Explained: Why ethnic strife is tearing apart Indonesia’s Papua highlandshttps://indianexpress.com/article/explained/explained-why-ethnic-strife-is-tearing-apart-an-indonesian-island-6028360/

Explained: Why ethnic strife is tearing apart Indonesia’s Papua highlands

Unrest in the Indonesian side of the Papua islands exists since at least 50 years now, when the New York Agreement, which was brokered by the United Nations was signed between Indonesia and the Netherlands in 1962.

Student protesters run from tear gas fired by police officers during a protest in Jakarta, Indonesia Wednesday, Sept. 25, 2019. (AP Photo)

Over 20 people have been killed and at least 65 injured in violent protests that erupted in the largest town of the Indonesian Papua highlands, Wamena after rumours spread that a teacher had directed racist slurs at some students. According to reports, the protesters torched shops, government buildings, homes, cars and motorcycles. Three of the killed were shot by the police and the rest died after being trapped in the burning houses and shops.

Indonesia is an archipelago consisting of several islands and one of them is the Indonesian side of New Guinea or Western New Guinea, which consists of the provinces of West Papua and Papua. The eastern side of the island is referred to as Papua New Guinea. Civil unrest in the two western provinces is not uncommon and in its present phase has been ongoing since mid-August over Papuans’ claims of facing racial discrimination and demands for self-determination.

August unrest

After Indonesia observed its independence day on August 17, the authorities arrested over 43 Papuan students from their dormitory in Surabaya city, which is located on the island of Java. They were accused of throwing the Indonesian flag in a ditch next to the building that housed their dorms. They were later released after no evidence was found against them. As news of the Indonesian flag being damaged spread, a crowd reached the dormitory and verbally attacked the Papuans by shouting racist slogans, accompanied by recitations of the Indonesian national anthem.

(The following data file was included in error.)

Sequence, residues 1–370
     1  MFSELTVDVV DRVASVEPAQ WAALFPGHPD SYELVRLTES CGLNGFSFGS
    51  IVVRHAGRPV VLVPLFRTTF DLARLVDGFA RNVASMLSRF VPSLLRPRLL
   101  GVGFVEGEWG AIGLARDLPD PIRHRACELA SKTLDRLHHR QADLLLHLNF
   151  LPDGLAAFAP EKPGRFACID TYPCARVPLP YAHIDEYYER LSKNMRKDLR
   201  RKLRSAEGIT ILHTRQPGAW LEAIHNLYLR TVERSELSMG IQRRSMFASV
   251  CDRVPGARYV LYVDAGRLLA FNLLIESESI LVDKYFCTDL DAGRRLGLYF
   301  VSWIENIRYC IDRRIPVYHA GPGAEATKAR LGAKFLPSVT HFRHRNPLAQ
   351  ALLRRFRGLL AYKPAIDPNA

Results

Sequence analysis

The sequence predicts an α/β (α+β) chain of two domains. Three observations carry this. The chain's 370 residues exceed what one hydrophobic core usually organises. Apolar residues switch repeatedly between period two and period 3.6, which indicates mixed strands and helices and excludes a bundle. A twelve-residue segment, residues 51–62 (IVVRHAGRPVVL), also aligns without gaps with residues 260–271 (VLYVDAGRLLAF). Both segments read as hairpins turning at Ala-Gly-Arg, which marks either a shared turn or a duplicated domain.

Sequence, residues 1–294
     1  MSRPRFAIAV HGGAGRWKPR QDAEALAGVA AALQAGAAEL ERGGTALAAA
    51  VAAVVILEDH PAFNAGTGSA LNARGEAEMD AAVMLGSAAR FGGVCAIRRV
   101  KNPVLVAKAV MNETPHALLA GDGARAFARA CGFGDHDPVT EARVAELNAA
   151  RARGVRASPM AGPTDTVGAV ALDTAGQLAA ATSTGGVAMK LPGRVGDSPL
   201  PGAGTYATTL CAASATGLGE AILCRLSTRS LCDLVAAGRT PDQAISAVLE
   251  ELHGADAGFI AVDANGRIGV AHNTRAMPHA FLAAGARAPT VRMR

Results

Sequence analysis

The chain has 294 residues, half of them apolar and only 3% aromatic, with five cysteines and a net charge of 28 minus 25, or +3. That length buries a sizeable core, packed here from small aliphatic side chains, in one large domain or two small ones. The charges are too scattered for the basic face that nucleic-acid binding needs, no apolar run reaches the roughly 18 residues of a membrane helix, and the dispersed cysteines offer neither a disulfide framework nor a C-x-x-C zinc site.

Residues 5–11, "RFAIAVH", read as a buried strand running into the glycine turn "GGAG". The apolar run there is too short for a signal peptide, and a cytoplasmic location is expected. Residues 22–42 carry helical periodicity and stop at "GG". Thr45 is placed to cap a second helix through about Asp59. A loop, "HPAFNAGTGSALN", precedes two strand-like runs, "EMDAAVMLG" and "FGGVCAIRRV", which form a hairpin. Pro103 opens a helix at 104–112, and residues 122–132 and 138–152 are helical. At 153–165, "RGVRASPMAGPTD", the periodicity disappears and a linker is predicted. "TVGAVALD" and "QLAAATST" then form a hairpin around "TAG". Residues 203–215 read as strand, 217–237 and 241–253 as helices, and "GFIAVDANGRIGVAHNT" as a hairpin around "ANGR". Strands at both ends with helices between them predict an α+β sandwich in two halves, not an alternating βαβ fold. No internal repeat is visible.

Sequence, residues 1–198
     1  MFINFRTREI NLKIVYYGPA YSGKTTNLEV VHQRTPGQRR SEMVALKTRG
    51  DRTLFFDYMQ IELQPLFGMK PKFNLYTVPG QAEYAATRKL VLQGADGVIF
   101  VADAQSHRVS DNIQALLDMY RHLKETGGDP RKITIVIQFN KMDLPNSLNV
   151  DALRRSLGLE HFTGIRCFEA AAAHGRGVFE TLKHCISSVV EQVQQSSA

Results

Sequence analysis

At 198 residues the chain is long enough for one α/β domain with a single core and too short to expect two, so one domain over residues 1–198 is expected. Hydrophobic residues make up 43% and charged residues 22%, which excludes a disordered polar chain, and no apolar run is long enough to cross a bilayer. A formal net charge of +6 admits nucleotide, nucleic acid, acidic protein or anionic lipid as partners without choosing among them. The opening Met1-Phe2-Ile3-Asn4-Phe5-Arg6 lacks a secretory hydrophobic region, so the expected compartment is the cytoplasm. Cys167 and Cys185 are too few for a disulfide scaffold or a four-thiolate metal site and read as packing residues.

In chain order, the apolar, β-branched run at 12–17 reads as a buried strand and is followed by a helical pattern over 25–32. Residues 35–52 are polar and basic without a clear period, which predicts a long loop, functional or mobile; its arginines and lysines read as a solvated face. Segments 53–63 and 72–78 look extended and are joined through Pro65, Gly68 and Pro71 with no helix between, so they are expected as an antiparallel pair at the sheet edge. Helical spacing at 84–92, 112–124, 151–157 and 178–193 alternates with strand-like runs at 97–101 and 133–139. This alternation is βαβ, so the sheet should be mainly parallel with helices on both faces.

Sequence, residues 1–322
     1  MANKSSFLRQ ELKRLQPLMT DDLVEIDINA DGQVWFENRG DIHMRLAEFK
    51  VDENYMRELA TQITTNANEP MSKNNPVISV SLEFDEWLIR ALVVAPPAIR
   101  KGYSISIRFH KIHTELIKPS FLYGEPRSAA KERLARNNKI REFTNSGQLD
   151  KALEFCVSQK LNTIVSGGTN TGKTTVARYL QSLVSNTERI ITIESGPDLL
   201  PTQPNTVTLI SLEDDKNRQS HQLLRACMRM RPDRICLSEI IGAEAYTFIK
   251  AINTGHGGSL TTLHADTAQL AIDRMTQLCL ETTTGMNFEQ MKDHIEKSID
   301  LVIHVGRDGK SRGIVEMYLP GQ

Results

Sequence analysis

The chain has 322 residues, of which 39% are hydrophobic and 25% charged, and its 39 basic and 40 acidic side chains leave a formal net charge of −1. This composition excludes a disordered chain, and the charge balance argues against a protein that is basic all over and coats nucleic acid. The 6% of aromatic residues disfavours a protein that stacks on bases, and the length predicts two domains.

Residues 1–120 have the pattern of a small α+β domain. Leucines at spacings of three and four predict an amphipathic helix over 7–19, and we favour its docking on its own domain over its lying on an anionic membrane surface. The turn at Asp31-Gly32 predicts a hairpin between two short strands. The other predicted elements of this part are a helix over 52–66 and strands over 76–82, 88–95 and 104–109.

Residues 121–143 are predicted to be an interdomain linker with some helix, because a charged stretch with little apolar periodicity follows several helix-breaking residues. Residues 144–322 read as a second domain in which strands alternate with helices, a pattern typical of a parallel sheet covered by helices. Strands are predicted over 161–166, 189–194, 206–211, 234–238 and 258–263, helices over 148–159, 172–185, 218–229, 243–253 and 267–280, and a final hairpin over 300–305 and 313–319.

Widespread anti-racism protests organised by the Papuans have been witnessed since then, mostly in areas located in West Papua and Papua.

Indonesian riot police shot multiple rounds of tear gas at thousands of stone-throwing students who attempted to reach Parliament in Jakarta on Wednesday (AP Photo)

A brief history of the Papuan unrest

The Indonesian side of the Papua islands has seen unrest since at least 50 years now, when the New York Agreement, which was brokered by the United Nations, was signed between Indonesia and the Netherlands in 1962. Indonesia was a Dutch colony and became independent in 1949. As the Dutch were preparing to leave, Indonesia claimed control over West Papua.

The agreement was meant to provide a framework under which the authority would be transferred from the Netherlands to Indonesia. The agreement also included a guarantee for the Papuan people, that they would be allowed the “Act of Free Choice”, which allowed them to express their free will. The agreement mentions with regards to the Papuan people that all adult nationals of the region are eligible to participate in the act of self-determination and to decide if the inhabitants want to remain with Indonesia or if they “wish to sever their ties with Indonesia.”

Even so, after Netherlands’ withdrawal from Indonesia, there was no follow-up on these provisions and the government did little to bring about economic and political development in the West Papua province, which had been renamed to West Irian by then, until 2000 when it was renamed to West Papua.

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By this time, the Organisasi Papua Merdeka, the Free Papua Movement had emerged, of which the “Free Papua” rebels were a part of. To curb this resistance, the Indonesian government is known to have resorted to killings, disappearing people, raping Papuans and raiding ceremonies where they hoisted their separatist flags, raising concerns about the reported human rights violations by the Indonesian government. This fueled sentiments of insurgency among the people of West Papua. In 2017, the United Nations rejected West Papua’s petition for Independence as illegal.

Around August 15 this year, protests broke out again, coinciding with the anniversary of the New York Agreement. This was also the time when Pacific nations convened at the Pacific Islands Forum between August 13-16 where the Papua issue was also discussed.

Significantly, the indigenous people of the provinces of Papua and West Papua belong to the same ethnic origin as the people residing in Papua New Guinea and other Melanesian peoples who reside in the Pacific region. They also speak a language different from that of the Indonesian people.